Malte Oehlmann is a Project Manager at adelphi working in the fields of green economy and resources. He is currently working on the empirical relationship between income, consumption and resource use as well as the evaluation of economic instruments for air pollution control.
Malte is experienced in empirical research in the social sciences with a particular focus on quantitative survey methods and econometric models. In addition, he is experienced in the economic valuation of environmental goods as well as the coordination and execution of research projects in the fields of energy economics as well as renewable energies.
Prior to his employment at adelphi, Malte worked for three and a half years as a research associate at the Chair in Environmental and Land Economics at Technische Universität Berlin, Germany. As part of an interdisciplinary joint research project he analysed the efficient and fair distribution of renewable energy production and the expansion of Germany’s power grid. In this context he took part in the design, implementation and evaluation of two nation-wide representative surveys. Furthermore, he completed a research stay at the Department of Resource Economics and Environmental Sociology at the University of Alberta, Canada. The research stay was funded by a scholarship from the German Academic Exchange Service (DAAD). Malte is currently completing his PhD at the same department at Technische Universität Berlin, analysing methodological issues regarding choice experiments.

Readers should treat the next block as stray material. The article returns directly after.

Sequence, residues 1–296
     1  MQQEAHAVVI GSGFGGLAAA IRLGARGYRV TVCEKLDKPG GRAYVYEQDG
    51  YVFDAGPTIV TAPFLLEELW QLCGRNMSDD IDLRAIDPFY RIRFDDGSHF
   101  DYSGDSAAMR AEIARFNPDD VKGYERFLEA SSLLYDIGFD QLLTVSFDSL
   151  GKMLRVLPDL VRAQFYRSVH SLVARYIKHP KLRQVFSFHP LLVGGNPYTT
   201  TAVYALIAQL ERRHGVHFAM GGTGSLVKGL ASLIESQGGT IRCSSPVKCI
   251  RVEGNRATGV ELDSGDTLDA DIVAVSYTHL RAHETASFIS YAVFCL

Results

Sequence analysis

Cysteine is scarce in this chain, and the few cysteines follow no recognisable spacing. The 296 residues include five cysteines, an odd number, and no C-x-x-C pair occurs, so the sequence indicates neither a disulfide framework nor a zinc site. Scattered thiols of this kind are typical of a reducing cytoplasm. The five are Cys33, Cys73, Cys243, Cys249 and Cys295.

Malte studied economics engineering at the Karlsruhe Institute of Technology (KIT), Germany, and the Universidad de Salamanca, Spain. During his studies he focused on energy economics, environmental economics and environmental policy as well as innovation economics. He completed his diploma thesis on power generation from ocean currents at the Department of Mechanical Engineering at California State University, Northridge, USA. Alongside his studies he gathered practical experience in the order management and program management at Volkswagen de México, Puebla as well as in the field of climate and energy at the Institute for Ecological Economy Research (IÖW) in Berlin, Germany.